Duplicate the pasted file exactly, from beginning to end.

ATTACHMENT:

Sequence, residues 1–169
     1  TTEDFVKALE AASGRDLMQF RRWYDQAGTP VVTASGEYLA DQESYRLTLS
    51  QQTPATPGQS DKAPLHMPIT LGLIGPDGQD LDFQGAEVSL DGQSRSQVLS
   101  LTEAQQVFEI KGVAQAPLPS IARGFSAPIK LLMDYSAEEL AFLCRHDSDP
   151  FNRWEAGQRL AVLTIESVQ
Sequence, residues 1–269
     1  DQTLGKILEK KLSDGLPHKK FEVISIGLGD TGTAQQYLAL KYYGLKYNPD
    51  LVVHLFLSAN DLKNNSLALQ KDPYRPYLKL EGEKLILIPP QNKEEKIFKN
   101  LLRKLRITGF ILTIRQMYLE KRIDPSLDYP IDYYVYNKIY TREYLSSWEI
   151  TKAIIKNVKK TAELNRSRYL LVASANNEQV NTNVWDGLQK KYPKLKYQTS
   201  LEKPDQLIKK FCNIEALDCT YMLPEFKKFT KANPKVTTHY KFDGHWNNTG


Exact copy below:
Sequence, residues 1–169
     1  TTEDFVKALE AASGRDLMQF RRWYDQAGTP VVTASGEYLA DQESYRLTLS
    51  QQTPATPGQS DKAPLHMPIT LGLIGPDGQD LDFQGAEVSL DGQSRSQVLS
   101  LTEAQQVFEI KGVAQAPLPS IARGFSAPIK LLMDYSAEEL AFLCRHDSDP
   151  FNRWEAGQRL AVLTIESVQ
Sequence, residues 1–269
     1  DQTLGKILEK KLSDGLPHKK FEVISIGLGD TGTAQQYLAL KYYGLKYNPD
    51  LVVHLFLSAN DLKNNSLALQ KDPYRPYLKL EGEKLILIPP QNKEEKIFKN
   101  LLRKLRITGF ILTIRQMYLE KRIDPSLDYP IDYYVYNKIY TREYLSSWEI
   151  TKAIIKNVKK TAELNRSRYL LVASANNEQV NTNVWDGLQK KYPKLKYQTS
   201  LEKPDQLIKK FCNIEALDCT YMLPEFKKFT KANPKVTTHY KFDGHWNNTG